As our climate starts to change so to must our eating habits. We’re currently faced with challenges like antibiotic resistance, drought, food insecurity, and obesity, so where can we turn? Funny enough, it’s the ocean, and this Scientific American article raises a lot of interesting ideas.
“I’m growing more food in 20 acres of ocean now than I was in 100 acres a few years ago,” he said. Oyster cages mark the sea floor, and curtains of kelp sprout along lines suspended by surface buoys. Mesh containers housing scallops, clams and mussels hang among the long kelp leaves. All of these species extract nutrients that leech into the water from land-based agricultural runoff (a significant contributor to ocean dead zones), and that’s central to Smith’s approach. His work with Greenwave is aimed at jump-starting a “blue-green” economy: identifying restorative species in any given ecosystem that make the oceans healthier, that are nutritious, delicious, and economically viable. This is an “elegant solution,” to some of the problems inherent in our current food system, Smith said.
The article focuses particularly on kelp which it dubs as the next “super-food”. What kind of foods do you make with kelp? There’s a surprising number of dishes though the most enticing for me personally is the kelp butter.
Kelp leaves cut into strips make a perfect al dente noodle; pickled kelp stems are crisp, flavorful and refreshing; kelp butter makes a unique but mild and rich spread; and a simple plate of kelp with a bit of sweet sesame dressing gives any fancy kale salad a run for its money.
When it comes to sharply designed branding and identity one of the first names that comes to mind is Brent Couchman and his San Francisco design studio Moniker. One of my recent favorite projects they completed was the branding and identity for Teddy’s Nacho Royale, a Mexican restaurant on the Menlo Park campus of Facebook.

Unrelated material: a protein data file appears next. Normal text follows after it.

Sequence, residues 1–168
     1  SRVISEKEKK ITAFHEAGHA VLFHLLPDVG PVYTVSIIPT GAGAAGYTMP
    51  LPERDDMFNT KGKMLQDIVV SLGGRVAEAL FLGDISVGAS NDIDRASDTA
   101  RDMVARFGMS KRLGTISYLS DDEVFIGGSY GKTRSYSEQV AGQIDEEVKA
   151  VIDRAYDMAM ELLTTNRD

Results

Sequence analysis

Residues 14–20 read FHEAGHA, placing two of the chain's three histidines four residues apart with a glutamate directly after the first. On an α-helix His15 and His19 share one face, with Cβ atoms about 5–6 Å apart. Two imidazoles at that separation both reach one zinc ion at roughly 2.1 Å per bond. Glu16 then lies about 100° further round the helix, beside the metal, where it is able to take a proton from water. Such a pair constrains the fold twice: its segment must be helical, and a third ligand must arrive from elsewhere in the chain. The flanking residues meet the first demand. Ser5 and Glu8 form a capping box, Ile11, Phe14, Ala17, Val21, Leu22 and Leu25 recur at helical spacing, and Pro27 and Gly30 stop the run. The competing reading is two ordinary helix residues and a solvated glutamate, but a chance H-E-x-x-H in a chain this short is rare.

I think what they’ve done is a perfect mix of playful type and symbols, all presented in a clean, contemporary fashion. They specifically “developed the visual identity, signage and interior graphics with a nod to local burrito joints, while incorporating their internal culture throughout the restaurant.” Overall it’s really well done, and a place personally I would love to frequent.
You can see more of Moniker’s work by clicking here.
Coffee making instruments have a long history of being “sexy”. You’ve got the Chemex, the French press, and for the professional, the La Marzocco espresso machine. Added to the list is the brand new Ratio Eight coffee maker which, to use a totally clichéd descriptor, looks as if Apple designed a Mr. Coffee.
We designed the Eight with the ideal balance of form to function. The clear blown-glass and warm black walnut flush-up against machine-sculpted aluminum for a staunch juxtaposition. Every angle and alignment is measured down to the tenth of a millimeter, all for a singular, refined efficiency.
I have no idea if this actually makes decent coffee or not but you’ve got to give it to them for styling along. The combination of aluminum, glass, wood, and cork is a designers wet dream. This is coffee porn taken to the extreme. You can take a look at the video below to get a sense of what the machine is capable of, but be warned, it comes with a hefty $480 price tag.
Everyone has a weakness for snacks. I personally have a savory palette, preferring to nosh on things like wasabi cashews or walnuts and cranberries. Alexander Barrett and Brad Simon love snacks so much they decided to create Snacks Quarterly, an online publication that celebrates snacks in all their forms.
Snacks Quarterly is an internet publication that brings a variety of artists together to share their insights and ideas on the subject of snacks and snacking. Essays, illustrations, anecdotes, and practical snacking tips post four times a year on our beautifully designed, ad-free website.